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Diabetologia

, Volume 55, Issue 10, pp 2747–2758 | Cite as

Beneficial effects of the novel cholecystokinin agonist (pGlu-Gln)-CCK-8 in mouse models of obesity/diabetes

  • N. IrwinEmail author
  • P. Frizelle
  • I. A. Montgomery
  • R. C. Moffett
  • F. P. M. O’Harte
  • P. R. Flatt
Article

Abstract

Aims/hypothesis

Cholecystokinin (CCK) is a rapidly degraded gastrointestinal peptide that stimulates satiety and insulin secretion. We aimed to investigate the beneficial weight-lowering and metabolic effects of the novel N-terminally modified CCK analogue, (pGlu-Gln)-CCK-8.

Methods

The biological actions of (pGlu-Gln)-CCK-8 were comprehensively evaluated in pancreatic clonal BRIN BD11 cells and in vivo in high-fat-fed and ob/ob mice.

Results

(pGlu-Gln)-CCK-8 was completely resistant to enzymatic degradation and its satiating effects were significantly (p < 0.05 to p < 0.001) more potent than CCK-8. In BRIN-BD11 cells, (pGlu-Gln)-CCK-8 exhibited enhanced (p < 0.01 to p < 0.001) insulinotropic actions compared with CCK-8. When administered acutely to high-fat-fed or ob/ob mice, (pGlu-Gln)-CCK-8 improved glucose homeostasis. Sub-chronic twice daily injections of (pGlu-Gln)-CCK-8 in high-fat-fed mice for 28 days significantly decreased body weight (p < 0.05 to p < 0.001), accumulated food intake (p < 0.05 to p < 0.001), non-fasting glucose (p < 0.05) and triacylglycerol deposition in pancreatic (p < 0.01), adipose (p < 0.05) and liver (p < 0.001) tissue, and improved oral (p < 0.05) and i.p. (p < 0.05) glucose tolerance and insulin sensitivity (p < 0.001). Similar observations were noted in ob/ob mice given twice daily injections of (pGlu-Gln)-CCK-8. In addition, these beneficial effects were not reproduced by simple dietary restriction and were not associated with changes in energy expenditure. There was no evidence for development of tolerance to (pGlu-Gln)-CCK-8, and analysis of histology or blood-borne markers for pancreatic, liver and renal function in mice treated with (pGlu-Gln)-CCK-8 suggested little abnormal pathology.

Conclusions/interpretation

These studies emphasise the potential of (pGlu-Gln)-CCK-8 for the alleviation of obesity and insulin resistance.

Keywords

Cholecystokinin (CCK) Diabetes Drug tolerance Glucose tolerance High fat Insulin sensitivity Obesity 

Abbreviations

CCK

Cholecystokinin

GIP

Glucose-dependent insulinotropic polypeptide

GLP-1

Glucagon-like peptide 1

MALDI-TOF

Matrix-assisted laser desorption ionisation time-of-flight

Introduction

It is generally now accepted that the major physiological role of the gut-derived peptide cholecystokinin (CCK) is in the short-term regulation of energy balance through stimulation of satiety [1, 2]. CCK exists in multiple molecular forms ranging from 58 to 39, 33, 22, 8 and 4 amino acids in length [3], but the carboxy-terminal octapeptide, CCK-8, is well conserved among species and is the smallest form that retains the full range of biological actions [4]. The biological actions of CCK are mediated through two receptors, CCK1 and CCK2, which are predominantly located in the periphery and central nervous system, respectively [5]. Intestinally released CCK-8 cannot cross the blood–brain barrier and the potent short-term effect of CCK-8 on inhibiting food intake is believed to be mediated peripherally via the vagus nerve [2].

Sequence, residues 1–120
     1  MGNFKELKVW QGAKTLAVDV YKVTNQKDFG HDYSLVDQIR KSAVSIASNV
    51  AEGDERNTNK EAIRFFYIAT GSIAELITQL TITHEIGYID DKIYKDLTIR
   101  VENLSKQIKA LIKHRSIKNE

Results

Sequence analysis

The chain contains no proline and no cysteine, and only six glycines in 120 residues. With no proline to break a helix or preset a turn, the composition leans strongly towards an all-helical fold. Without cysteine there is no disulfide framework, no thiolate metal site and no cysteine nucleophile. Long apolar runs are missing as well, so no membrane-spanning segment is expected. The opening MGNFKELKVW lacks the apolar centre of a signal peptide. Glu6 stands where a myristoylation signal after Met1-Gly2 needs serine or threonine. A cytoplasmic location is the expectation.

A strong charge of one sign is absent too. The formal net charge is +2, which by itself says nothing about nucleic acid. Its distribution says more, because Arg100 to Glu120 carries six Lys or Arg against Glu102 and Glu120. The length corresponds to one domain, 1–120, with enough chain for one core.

CCK is now known to play a significant role in a number of other important physiological processes including insulin secretion, gastric emptying, bowel motility and pancreatic enzyme secretion [6]. Recent evidence suggests that CCK also acts as a pancreatic beta cell growth factor and anti-apoptotic agent [7]. This action profile is reminiscent of that displayed by the incretin hormones glucagon-like peptide 1 (GLP-1) and glucose-dependent insulinotropic polypeptide (GIP) [8]. Much recent attention has been devoted to enhancement of incretin action in the clinical setting using dipeptidyl peptidase 4 inhibitors or stable analogues of GLP-1 for the treatment of type 2 diabetes [9]. Thus, CCK possesses a number of biological actions that would suggest potential therapeutic application for obesity/diabetes. The focus on gut-hormone-based therapies over the past decade has concentrated on the classical incretins, which are secreted in response to glucose ingestion [9]. In reality, meals consist of a mixture of components and nutrients that release a number of other gut-derived hormones, including CCK, that may have potential therapeutic implications [10].

Rapid plasma degradation of CCK poses a major obstacle in the realisation of its clinical use. Other possible barriers to the use of CCK-based peptides in the clinic include development of tolerance [11], induction of taste aversion [12] and induction of pancreatic inflammation [13]. Plasma-mediated degradation of CCK is poorly understood and a number of enzymes have been postulated to be involved [14]. Thus, the use of enzyme inhibitors to prolong the biological action of CCK is fraught with difficulties [15]. A more specific approach would therefore be to generate enzymatic-resistant analogues of CCK to extend the biological half-life of the peptide. Studies have already indicated that N-terminal modification or PEGylation of peptide hormones, including CCK, prevents enzymatic degradation and extends biological action [11, 16].